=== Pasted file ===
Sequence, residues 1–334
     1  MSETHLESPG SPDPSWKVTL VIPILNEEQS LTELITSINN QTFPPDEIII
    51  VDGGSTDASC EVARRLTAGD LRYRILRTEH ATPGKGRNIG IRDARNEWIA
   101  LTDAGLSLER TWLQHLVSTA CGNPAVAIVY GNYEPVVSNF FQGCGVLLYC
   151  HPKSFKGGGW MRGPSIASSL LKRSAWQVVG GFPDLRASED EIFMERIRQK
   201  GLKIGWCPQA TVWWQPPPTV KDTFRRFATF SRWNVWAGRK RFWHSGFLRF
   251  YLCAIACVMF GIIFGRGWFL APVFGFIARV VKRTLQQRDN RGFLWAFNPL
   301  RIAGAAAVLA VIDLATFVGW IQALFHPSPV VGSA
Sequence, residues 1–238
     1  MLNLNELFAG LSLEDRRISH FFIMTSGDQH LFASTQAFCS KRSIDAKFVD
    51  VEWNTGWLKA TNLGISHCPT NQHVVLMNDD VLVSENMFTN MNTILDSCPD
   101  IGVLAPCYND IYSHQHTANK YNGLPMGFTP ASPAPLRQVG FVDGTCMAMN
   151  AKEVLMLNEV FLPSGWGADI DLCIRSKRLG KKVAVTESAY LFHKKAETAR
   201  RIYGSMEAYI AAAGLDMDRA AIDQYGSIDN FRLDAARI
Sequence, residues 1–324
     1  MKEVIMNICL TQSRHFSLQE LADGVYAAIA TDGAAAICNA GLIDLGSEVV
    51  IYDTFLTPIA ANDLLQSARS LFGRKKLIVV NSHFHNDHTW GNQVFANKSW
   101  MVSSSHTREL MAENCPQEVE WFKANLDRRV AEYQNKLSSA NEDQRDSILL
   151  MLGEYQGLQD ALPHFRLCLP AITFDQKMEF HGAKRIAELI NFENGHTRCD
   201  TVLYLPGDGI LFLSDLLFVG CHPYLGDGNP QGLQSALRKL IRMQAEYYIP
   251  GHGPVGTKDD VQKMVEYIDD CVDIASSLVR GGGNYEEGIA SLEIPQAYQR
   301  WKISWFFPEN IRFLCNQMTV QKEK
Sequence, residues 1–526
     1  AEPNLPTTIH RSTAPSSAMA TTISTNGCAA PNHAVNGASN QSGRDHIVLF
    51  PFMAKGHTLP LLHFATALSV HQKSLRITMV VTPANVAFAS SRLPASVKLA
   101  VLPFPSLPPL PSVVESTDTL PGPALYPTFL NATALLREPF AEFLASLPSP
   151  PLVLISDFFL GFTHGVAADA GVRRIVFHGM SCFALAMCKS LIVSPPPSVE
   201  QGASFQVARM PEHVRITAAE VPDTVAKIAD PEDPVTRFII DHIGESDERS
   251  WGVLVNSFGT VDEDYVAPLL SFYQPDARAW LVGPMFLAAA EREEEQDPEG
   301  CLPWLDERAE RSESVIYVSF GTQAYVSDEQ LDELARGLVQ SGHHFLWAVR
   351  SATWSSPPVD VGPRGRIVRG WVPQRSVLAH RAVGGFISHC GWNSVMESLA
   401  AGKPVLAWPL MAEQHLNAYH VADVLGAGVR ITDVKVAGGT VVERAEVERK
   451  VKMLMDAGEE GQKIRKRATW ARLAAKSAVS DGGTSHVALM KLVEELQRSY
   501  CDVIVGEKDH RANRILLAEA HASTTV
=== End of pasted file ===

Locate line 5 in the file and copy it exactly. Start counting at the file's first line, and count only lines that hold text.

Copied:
   151  HPKSFKGGGW MRGPSIASSL LKRSAWQVVG GFPDLRASED EIFMERIRQK